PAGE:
Françafrique is not dead, but neither has it been static. If Françafrique is defined as, simply, French economic, political, and cultural intervention in Africa for the preservation of its hegemony in the region, it continues in full force, though not in the flagrant way it did in the past. What changed? The values and norms of the French people and the international community are no longer such that obvious public support of villainous dictators (as was the case with Zaire’s Mobutu, Cote d’Ivoire’s Houphouet Boigny, and Chad’s Habré, to name a few) is considered “socially acceptable”. While support of undemocratic or violent regimes or actors may continue, it does so much more discretely, and often with a well constructed veil of pretext. 

One of the reasons why Françafrique has been prematurely buried is that it has often been simplified into military or economic terms (even though French economic interests still overwhelm Francophone Africa, despite all the talk of China’s takeover of the continent; look at any data of trade balances for the region for confirmation). Françafrique is the manifestation of dependency theory in Francophone Africa. Dependency theory, an international relations explanatory construct of the Marxist variety, contends that elites in the developed world co-opt elites in the developing world to form a system in which the majority of the people of the developing countries are working in industries tailored for the economic needs of said developed countries, thus continuing the colonial system, while the developing countries’ elites are able to stay in power through the support of elites in the developed world, all the while helping to exploit their own people.

Here, let me draw you a diagram:

 Maybe that helps.

This is still the case, though less so with the entrance of other players, except that there was ALWAYS another element to the Françafrique model- one that the less-established international relations school of neo-Gramscian theory accounts for quite accurately. Antonio Gramsci was an Italian Marxist who, during the early 20th century, wrote a great deal about the power of ideas and hegemony. Neo-Gramscians have taken his work and applied it to how ideas and ideology develop hegemonic status and can be movers in the international system. One of the many relevant aspects of neo-Gramscian theory to Françafrique is the element of ideological cooptation that must occur. The people who are being exploited and oppressed must somehow buy into the idea of French superiority, in this case, for the hegemonic regime of French culture, political, and economic power to continue.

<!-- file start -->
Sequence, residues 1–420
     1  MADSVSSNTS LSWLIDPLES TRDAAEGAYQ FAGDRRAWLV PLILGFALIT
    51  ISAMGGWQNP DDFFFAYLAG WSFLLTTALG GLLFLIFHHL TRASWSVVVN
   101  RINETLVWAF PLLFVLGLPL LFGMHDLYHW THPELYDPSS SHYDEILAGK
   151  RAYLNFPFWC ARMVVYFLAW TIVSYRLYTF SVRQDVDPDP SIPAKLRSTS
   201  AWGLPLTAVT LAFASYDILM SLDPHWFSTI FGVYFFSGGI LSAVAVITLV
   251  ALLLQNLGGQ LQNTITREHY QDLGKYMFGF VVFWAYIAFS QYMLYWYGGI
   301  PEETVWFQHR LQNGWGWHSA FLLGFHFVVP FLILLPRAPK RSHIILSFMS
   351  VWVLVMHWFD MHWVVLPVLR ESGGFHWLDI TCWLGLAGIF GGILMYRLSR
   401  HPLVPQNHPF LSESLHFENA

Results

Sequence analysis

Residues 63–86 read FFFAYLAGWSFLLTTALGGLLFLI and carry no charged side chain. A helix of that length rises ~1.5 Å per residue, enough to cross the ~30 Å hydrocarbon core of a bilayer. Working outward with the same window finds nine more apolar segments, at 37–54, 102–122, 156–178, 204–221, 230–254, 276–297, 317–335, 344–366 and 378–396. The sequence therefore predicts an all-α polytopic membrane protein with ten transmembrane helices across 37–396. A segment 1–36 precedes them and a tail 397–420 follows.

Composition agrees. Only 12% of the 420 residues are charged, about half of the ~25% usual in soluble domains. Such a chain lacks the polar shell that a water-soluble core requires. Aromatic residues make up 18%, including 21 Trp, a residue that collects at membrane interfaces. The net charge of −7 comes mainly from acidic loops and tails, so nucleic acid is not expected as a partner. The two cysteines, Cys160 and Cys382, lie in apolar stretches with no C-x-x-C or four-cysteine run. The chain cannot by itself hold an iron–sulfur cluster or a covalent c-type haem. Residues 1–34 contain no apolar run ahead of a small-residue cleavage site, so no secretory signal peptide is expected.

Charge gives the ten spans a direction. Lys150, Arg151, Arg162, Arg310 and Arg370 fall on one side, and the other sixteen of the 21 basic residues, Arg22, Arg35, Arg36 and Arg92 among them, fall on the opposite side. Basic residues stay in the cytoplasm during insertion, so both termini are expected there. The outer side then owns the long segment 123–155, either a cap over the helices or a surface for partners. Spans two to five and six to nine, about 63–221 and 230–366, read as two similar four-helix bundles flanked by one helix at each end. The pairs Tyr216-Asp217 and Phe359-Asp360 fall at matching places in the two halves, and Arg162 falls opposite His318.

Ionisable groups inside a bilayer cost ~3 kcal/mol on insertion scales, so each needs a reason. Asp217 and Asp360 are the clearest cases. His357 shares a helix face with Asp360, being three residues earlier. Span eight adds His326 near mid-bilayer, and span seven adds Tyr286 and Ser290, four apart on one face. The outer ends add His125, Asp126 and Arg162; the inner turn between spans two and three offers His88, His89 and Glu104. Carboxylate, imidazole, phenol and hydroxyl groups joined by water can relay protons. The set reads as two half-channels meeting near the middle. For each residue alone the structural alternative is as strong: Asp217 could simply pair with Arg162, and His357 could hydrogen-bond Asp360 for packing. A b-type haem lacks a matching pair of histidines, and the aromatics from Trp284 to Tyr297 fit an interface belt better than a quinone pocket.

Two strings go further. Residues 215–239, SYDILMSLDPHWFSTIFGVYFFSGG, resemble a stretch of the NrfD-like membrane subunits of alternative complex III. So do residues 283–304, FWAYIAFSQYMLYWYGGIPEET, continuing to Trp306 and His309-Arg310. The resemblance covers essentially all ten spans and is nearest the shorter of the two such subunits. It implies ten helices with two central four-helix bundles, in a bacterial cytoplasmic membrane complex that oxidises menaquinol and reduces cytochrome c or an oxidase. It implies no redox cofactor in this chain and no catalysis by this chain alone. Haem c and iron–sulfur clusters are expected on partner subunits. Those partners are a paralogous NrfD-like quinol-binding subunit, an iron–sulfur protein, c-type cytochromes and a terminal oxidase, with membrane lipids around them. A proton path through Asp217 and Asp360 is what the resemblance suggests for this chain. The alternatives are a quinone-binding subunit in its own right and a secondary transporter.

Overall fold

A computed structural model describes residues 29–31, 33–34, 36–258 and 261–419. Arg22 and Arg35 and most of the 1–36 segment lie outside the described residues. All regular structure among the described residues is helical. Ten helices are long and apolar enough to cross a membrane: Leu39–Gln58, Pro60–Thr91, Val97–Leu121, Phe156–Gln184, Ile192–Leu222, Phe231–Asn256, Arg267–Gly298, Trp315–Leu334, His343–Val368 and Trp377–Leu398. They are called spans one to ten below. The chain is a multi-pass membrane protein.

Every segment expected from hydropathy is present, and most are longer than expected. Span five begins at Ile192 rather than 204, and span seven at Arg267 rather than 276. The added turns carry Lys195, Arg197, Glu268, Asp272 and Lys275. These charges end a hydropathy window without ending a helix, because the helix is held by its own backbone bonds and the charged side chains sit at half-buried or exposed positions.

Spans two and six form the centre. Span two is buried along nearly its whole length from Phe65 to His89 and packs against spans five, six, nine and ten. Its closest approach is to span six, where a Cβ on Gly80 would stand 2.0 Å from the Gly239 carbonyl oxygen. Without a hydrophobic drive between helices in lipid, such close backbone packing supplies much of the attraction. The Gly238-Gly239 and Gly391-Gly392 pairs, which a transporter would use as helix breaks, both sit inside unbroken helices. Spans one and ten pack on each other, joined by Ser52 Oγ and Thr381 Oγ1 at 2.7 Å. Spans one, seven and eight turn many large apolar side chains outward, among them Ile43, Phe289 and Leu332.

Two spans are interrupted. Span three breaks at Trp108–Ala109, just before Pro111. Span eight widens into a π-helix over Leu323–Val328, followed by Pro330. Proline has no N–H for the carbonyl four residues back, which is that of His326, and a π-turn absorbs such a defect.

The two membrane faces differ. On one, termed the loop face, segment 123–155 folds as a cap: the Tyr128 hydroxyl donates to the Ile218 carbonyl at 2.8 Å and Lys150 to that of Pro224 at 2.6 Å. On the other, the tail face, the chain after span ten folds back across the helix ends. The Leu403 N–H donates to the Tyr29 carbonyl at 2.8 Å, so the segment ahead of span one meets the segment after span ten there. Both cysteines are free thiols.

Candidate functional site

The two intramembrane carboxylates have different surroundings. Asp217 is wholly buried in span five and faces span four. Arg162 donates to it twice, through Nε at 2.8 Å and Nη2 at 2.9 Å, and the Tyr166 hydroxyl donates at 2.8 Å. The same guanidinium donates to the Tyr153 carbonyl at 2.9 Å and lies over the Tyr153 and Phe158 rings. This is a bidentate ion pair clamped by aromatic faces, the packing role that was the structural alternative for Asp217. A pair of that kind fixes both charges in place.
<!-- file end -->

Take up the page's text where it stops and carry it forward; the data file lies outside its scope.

Do the people in Francophone Africa, generally, buy it? You bet they do, or, at least, more than you’d imagine. Having lived and traveled across West Africa in particular for years, it has always astonished me how many people, especially those less educated, still suffer from the “colonized-complex” that African leaders and intellectuals from Sekou Touré (the first president of Guinea, and a really atrocious leader if not a gifted orator) to Frantz Fanon spoke about sixty years ago. The number of people that actually seem to believe they are inferior to the French (or British, or Americans) in some way makes me ill. (In less circumstantial evidence, the Afrobarometer survey in 2011 showed overwhelmingly positive attitudes towards France in Francophone Africa and immigration to France from its former colonies has been steadily increasing.) But what are they supposed to think, when, in Francophone countries, most of the high quality products, the military rescues, the media, the election planning, and the revered cultural and social phenomena come from France?!?

Also, France desires the continuation of its hegemony in Africa, not because it is absolutely dependent upon economic ties, not because instability or violence in African states is a major threat to its national security, and not simply out of the goodness of its huge heart, but because it must maintain a position of power on the world stage to feed the ego of nationalism. Again, for some Gramsci, the French state is not completely separate but is thoroughly entwined with its people and their desires, and the interests of French civil society and the state are not ones of mere economic or political arithmetic, but ones completely infused with ideology.

When NATO intervened in the Libyan conflict, there were some that hailed the prevention of slaughter in Benghazi and the swifter end of a bloody conflict, and others who decried the violation of sovereignty and neoimperial actions that, were the country in question not in the developing world, would be unheard of. I felt both. Now, with the French intervention in Mali, just as with the French intervention in Cote d’Ivoire in 2011, I feel equally torn. This is the continuation of a constantly evolving Françafrique system, and will not only fail to fix the underlying problems in Mali and the Saharan states (that’s a whole other issue of state viability), but will perpetuate Françafrique through continued dependency on France and views of France as savior rather than partner. However, a real humanitarian crisis is ongoing in Mali, and, if one believes in some idea of the moral good (as I do), it is good for these extremist militants to be defeated, and would be bad for them to expand or even continue their terrorist acts on the Malian people.

This is not an easy position, just as neither is the congruent conundrum of Syria, or of any international intervention by the developed world into the developing. I guess I just wish there were a bit more acknowledgement of the complexity in the nightly news…such as this article from the BBC endeavors to do, but in an American society where most people don’t know where Mali is and are perhaps likely to believe that the “Islamists” the French are fighting are typical Muslims, complexity is probably just too much to ask for.

A few of the articles on the current situation that I've read: